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How my minimalist lifestyle looks in my business

Being a minimalist in business is a successful growth strategy

It’s an interesting paradigm, being a simple woman, running a modest business and living a minimal lifestyle in the midst of the “Go Big, Be Bold, Make 6 Figures” mindset in business today.

I’ve been in more than one networking meeting where another business coach speaks of how to get yourself out there more, attract more clients, build a better team and make more money.  Something really shifts in the room when it comes to you and you share a message almost in opposition to that.  

Some at the table will quickly jump to the judgment of “Oh, she’s a hobbyist” or “She must have a fear of being big” or, the one I hear most often, “She must have a block to making massive money.” Those who jump to judgments never stop to think that their judgment is more likely a reflection of their own fear.

The All-In Approach Today

In today’s business world there is unspoken pressure to always be launching, always be growing, always be scaling, always be developing new and better products, programs and offerings. From my own experience I know just how easy it is to get pulled in, sucked in and stuck in this message and lose sight of why you started your entrepreneurial journey in the first place. I also know how hard it is to fight against this pressure, to feel the judgments of other women business owners. You just want to cave in and follow the crowd. You begin to think, “Wouldn’t that be easier...” and of course we’ve all always wished to be in the “in” crowd anyway.

You can easily lose your own vision and begin to take on the vision of the lights, the stage and the cameras. You can spend hour after frustrating hour pulling your hair out to create the best tag line, the most compelling marketing message or trying to put together a high value program. Before you know it, you’re over-busy, overbooked, overwhelmed and even more often over extended in your business. Yet, at the same time, the lights and the public recognition are so sweet and so tasty, it feeds your ego and can often lead to experiencing a hallucinating happiness and a smoke-and-mirrors confidence.

Finding the Sweet Spot

True happiness and true confidence comes from standing in your own power, holding to your own vision and living and doing business from your unique authenticity.

Now, let me clarify. There are many women whose unique authenticity is to be in front of the lights and cameras. These women are most definitely made for the stage, but there are also many women for which this is not their authentic way of being.  

Some of us were made to serve in a different way. Not a smaller or less valuable way, but simply a different way. Our authenticity is often best used to serve a small population deeply vs. a massive audience on a more surface level. Some of us were designed to be the one offering the information and allowing our audience to simply do with it what they need to. Others were made to be more of a backstage hand supporting a lead actress and gaining not recognition but heartfelt appreciation from the lead actress alone.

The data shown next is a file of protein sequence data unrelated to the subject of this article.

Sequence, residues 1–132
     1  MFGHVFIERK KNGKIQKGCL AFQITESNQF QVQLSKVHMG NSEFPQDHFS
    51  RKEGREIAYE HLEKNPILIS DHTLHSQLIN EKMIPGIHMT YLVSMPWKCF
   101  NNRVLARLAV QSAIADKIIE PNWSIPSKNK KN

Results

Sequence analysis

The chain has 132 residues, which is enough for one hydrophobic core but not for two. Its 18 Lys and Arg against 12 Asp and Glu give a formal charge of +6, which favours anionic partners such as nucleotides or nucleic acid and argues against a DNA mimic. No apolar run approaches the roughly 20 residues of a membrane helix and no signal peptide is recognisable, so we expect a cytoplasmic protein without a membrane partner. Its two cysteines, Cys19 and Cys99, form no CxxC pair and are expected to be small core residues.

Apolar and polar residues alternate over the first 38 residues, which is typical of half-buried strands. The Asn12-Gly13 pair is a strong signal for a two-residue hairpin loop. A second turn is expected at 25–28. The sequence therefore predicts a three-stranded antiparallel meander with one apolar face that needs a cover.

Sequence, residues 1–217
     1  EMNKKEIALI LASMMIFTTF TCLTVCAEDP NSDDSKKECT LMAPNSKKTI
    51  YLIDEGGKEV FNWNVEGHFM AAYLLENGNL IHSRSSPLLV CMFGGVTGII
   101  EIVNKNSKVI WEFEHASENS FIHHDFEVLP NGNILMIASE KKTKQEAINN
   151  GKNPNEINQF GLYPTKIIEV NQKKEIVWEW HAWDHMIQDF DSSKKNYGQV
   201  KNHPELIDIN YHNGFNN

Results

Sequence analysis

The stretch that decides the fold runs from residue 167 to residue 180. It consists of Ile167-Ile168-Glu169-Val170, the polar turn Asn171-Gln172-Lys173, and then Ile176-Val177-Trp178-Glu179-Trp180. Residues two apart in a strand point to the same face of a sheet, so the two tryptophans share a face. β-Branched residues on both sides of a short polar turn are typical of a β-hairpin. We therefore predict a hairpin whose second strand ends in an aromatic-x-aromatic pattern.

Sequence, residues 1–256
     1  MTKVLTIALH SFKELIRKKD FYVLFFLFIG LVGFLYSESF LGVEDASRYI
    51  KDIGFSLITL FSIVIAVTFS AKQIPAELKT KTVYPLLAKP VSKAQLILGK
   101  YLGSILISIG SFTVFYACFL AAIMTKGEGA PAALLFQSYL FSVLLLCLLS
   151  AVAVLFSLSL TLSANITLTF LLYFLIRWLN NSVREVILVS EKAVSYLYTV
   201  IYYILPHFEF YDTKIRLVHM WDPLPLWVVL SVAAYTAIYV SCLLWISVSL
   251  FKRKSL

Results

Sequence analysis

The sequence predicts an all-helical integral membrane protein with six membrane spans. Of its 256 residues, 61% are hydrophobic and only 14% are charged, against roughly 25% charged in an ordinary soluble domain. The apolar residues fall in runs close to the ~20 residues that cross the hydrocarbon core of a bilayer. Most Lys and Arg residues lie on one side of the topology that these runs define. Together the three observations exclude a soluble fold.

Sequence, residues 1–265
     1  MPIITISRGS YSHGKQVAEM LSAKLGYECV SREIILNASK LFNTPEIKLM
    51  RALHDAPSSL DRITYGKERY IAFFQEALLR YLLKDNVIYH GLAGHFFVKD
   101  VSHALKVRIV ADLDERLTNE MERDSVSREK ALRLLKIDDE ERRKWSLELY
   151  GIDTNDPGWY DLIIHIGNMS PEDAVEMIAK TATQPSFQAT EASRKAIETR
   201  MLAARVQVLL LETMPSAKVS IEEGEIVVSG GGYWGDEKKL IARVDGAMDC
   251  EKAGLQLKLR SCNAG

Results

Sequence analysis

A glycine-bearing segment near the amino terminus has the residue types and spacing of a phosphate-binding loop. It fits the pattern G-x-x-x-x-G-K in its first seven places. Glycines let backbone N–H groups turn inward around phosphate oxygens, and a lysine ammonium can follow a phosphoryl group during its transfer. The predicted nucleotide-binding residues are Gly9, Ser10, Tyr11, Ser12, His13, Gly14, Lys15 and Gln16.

Find your sweet spot of authenticity and own it. Hold to it, stick to it, get so stuck in your own vision that you no longer see or become distracted from that which is not a part of your own vision. Release yourself from following those who lead you away from your vision. Unsubscribe to the newsletters that only bring about guilt and shame, not inspiration and motivation. Give yourself the gift of living in and doing business from your unique authenticity. Gain your strength not from caving in and following the crowd but in resisting the fear-based marketing messages that others use to manipulate you into buying their programs, signing up for their newsletters and attending their high-pressure sales events that they promise are not a sales pitch.  

When you minimize the number of things you do in your business, or the amount of information you take in, own the fact that you’re looking for deeper connections. Stop feeling guilty about not “doing it all.” It’s your vision and your dream. Live it and work it.

In the end I don’t believe success is about how many programs you launched, how many names are on your email list or how many social media fans and followers you have. Rather, I believe it’s about what you learned, who you became and how you impacted others around you.  

I have yet to see an obituary that lists out the stats of a baseball player, the shots taken by a basketball player or the final net worth of an entrepreneur. Obituaries tend to speak about the person; who they were; how they treated others; their impact on their family, community, society; and the strength they showed in their final days. So what if we decided to strive for making an impact rather than a recognizable brand?

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